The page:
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Congress's Use of Continuing Resolutions Is a Common Practice Congress's Use of Continuing Resolutions Is a Common Practice

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Congress's Use of Continuing Resolutions Is a Common Practice


Stack of money(iStockphoto)

More often than not, lawmakers in Congress find themselves in the funding situation they are in now. It's the end of the fiscal year and few, if any, of the 12 major appropriations bills to fund the government beginning Oct. 1 have been passed, much less sent on to the president for his signature. To keep the government going, at least until they can work out a deal to pass the 12 bills in some form, they have to pass a continuing resolution, or resolutions.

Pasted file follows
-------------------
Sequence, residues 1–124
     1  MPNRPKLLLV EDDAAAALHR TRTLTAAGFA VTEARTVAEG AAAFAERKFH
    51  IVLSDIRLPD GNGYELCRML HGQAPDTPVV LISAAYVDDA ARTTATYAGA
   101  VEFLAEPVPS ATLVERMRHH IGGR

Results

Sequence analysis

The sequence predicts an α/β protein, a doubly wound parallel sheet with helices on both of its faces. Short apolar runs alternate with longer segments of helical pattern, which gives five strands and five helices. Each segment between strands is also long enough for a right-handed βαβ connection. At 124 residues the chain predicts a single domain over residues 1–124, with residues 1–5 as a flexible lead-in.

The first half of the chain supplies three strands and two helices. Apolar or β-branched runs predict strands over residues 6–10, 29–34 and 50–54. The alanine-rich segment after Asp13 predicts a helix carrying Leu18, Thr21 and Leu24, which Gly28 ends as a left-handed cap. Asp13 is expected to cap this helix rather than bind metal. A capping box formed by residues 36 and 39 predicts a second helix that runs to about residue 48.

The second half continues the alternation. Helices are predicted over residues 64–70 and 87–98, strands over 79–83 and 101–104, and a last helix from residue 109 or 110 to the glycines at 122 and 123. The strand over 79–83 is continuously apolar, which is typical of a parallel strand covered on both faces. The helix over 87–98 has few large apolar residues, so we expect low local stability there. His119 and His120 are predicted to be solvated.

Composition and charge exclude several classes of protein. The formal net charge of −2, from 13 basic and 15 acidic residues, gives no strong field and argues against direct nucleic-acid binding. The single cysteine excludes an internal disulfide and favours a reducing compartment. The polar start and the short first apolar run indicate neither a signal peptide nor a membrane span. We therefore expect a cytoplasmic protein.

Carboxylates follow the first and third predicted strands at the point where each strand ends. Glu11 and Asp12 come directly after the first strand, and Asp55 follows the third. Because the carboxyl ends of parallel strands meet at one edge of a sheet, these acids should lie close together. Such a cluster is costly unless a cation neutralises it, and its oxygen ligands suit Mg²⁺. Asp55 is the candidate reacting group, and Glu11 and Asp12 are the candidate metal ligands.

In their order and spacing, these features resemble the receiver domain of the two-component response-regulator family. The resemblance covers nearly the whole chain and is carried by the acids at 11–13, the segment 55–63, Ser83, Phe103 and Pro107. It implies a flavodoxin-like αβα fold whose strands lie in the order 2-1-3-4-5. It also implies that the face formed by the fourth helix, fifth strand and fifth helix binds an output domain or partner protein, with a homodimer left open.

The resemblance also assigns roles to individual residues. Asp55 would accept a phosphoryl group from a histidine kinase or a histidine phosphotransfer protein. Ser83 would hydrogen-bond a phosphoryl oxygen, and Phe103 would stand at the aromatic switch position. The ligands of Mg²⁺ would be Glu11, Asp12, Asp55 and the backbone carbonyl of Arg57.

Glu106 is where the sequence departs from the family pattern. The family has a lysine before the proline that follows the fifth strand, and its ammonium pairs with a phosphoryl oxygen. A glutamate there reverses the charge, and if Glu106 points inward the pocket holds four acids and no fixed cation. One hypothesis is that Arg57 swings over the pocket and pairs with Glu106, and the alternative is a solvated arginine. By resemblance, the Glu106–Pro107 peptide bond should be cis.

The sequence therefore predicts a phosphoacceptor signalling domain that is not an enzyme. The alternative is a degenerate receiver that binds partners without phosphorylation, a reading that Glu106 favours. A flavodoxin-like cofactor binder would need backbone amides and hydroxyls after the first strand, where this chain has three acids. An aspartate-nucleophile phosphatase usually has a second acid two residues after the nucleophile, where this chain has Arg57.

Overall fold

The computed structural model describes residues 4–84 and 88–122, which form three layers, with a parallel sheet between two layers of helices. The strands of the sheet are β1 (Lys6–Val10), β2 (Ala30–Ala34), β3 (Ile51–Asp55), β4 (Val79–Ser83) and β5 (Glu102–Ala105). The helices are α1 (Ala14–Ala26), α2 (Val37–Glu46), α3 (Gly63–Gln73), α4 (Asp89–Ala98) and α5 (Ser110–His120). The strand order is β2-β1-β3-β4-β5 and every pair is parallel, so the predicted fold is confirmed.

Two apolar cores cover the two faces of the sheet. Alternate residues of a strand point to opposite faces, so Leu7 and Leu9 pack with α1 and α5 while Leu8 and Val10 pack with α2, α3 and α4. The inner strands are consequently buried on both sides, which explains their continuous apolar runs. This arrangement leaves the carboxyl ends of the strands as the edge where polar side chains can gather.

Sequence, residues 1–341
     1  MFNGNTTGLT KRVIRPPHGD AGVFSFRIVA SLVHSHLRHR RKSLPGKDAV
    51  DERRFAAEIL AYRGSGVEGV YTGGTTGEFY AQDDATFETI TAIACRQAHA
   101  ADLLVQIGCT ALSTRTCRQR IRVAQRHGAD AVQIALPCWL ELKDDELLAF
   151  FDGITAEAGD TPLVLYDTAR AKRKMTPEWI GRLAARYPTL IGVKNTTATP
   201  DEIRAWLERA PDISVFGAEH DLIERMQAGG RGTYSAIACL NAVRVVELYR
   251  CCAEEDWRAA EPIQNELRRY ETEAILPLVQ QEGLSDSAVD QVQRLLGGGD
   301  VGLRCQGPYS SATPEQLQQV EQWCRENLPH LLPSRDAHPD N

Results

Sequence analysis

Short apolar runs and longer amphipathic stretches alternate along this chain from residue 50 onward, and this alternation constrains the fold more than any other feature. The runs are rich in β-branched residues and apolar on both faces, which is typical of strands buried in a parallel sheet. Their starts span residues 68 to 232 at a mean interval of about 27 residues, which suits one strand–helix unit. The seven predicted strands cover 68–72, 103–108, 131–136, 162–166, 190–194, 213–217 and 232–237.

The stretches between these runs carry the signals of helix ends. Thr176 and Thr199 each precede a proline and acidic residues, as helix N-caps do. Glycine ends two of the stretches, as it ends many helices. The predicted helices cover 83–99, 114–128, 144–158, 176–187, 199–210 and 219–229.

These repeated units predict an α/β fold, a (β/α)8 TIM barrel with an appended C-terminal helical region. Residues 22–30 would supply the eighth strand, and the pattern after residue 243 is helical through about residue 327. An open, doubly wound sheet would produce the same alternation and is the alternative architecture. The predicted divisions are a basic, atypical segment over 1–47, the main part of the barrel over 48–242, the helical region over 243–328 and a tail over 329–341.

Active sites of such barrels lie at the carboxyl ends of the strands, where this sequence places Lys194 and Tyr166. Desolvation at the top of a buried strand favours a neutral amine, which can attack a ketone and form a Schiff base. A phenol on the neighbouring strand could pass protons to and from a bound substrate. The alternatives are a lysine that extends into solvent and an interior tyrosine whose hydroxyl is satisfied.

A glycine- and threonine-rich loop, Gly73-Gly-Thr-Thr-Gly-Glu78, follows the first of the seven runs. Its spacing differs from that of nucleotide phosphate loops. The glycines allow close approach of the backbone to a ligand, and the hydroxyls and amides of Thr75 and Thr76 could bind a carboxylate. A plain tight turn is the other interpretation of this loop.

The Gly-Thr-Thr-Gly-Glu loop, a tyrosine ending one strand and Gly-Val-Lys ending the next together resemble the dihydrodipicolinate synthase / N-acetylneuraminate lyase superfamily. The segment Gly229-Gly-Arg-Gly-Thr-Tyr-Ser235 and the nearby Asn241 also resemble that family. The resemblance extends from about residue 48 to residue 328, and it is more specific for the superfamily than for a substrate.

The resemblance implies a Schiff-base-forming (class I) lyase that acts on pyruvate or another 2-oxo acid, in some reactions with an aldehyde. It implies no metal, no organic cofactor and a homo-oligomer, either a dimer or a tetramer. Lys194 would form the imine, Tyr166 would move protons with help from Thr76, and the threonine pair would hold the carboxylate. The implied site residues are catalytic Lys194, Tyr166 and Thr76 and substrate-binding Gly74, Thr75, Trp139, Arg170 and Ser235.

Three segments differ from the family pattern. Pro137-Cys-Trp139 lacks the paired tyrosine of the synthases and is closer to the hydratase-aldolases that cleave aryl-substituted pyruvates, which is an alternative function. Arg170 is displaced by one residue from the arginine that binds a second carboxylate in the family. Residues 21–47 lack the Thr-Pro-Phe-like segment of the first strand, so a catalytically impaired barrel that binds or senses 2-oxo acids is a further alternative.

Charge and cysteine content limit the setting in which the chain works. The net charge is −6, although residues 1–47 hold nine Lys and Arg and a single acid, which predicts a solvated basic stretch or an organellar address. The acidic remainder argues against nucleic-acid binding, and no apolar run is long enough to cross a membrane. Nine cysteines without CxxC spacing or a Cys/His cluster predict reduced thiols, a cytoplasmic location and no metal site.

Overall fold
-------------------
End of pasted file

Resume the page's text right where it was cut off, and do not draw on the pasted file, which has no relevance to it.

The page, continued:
It's now the end of the fiscal year and, with Congress unable to make progress on approrpriations before the Sept. 30 deadline, the House and Senate are poised to pass a continuing resolution to keep the government going through March 27, 2013, at a Budget Control Act-approved annual rate of $1.047 trillion.


The graphs below demonstrate how these stopgaps have become standard practice. The first graph shows the number of continuing resolutions passed by Congress and signed by the president in each fiscal year since 2000. The second graph shows the time between the enactment of a CR and a subsequent CR, as represented by color blocks (hover over each block for details).

Fiscal 2011 is noteworthy for the number of days after the end of the previous fiscal year that the federal government relied on funding through continuing resolutions. Going to the other extreme, Congress passed the most continuing resolutions for fiscal 2001, but many of them were for only one day. 

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